Whitelisting D:SQL DATA folder even though Webroot skips SQL files anyway
I know Webroot skips SQL files but won't a virus scan run much quicker if you whitelist an entire SQL folder. For example lets say you have one million .mdf files located in the D:SQL DATA folder. By whitelisting the D:SQL DATA folder Webroot will not even look at those .mdf files. As a computer programmer for many years I know that the code is asking “Is this a .mdf file?” If Yes, then skip it, “Is this a .mdf file?” If Yes, then skip it, “Is this a .mdf file?” If Yes, then skip it, and it will have to perform this line of code one million times. It’s quicker for Webroot to ask “Is this the D:SQL DATA folder?” If Yes, then skip the entire folder along with the one million files located within and move on. Even though Webroot skips .mdf files doesn't it the very least have to check the file type and determine that it is a .mdf file and therefore skip that file. Sounds time consuming and could slow things down.
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You may want someone from webroot to explain this in more detail however when you create an override in webroot it is very differnt from the traditional exclusion in an anti virus.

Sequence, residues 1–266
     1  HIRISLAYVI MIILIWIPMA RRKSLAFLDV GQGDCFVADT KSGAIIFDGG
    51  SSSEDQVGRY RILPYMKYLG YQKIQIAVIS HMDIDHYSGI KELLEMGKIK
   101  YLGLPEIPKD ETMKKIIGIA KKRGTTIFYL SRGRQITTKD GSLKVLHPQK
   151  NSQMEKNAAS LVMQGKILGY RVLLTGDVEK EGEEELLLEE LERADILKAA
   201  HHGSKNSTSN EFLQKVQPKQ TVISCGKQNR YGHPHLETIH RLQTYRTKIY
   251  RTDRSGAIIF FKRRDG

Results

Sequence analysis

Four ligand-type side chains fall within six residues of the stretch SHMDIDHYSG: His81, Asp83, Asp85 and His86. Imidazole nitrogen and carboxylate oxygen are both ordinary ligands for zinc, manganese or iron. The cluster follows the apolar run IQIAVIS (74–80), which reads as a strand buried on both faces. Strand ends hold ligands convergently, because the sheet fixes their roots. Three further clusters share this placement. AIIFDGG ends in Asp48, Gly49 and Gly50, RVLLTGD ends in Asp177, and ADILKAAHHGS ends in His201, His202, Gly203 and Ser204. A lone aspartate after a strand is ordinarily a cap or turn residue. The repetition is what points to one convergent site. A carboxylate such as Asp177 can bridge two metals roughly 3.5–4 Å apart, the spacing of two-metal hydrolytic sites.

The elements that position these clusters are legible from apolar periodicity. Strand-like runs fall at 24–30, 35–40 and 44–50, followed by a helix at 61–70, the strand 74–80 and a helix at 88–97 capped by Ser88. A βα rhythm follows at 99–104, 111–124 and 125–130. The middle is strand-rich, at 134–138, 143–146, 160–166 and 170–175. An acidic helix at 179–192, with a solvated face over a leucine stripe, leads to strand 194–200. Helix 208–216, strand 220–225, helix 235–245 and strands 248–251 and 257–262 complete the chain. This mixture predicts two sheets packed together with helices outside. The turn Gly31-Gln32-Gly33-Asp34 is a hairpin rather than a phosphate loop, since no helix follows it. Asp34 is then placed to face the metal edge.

It will actually cause webroot to scan that folder more heavily. They explained to me the reasoning however i dont completely understand.
Thanks for letting us know!
Adding a Path Override tells the agent to do some work that it's already done and ignored. So, by adding a path override to the MDF/LDF paths, it's actually adding work for the agent. Not a ton as the agent will determine there are no PEs in that dir, but it will add unnecessary work to the agent.
Path overrides or any override should only be applied to "undetermined" software. ANything the agent already knows about and determines as good, should be ignored. You can see specific file hash determinations by enabling the determination column in the Overrides tab on any given site. When that column is on, you'll see good, bad or undetermined.
Hope that helps.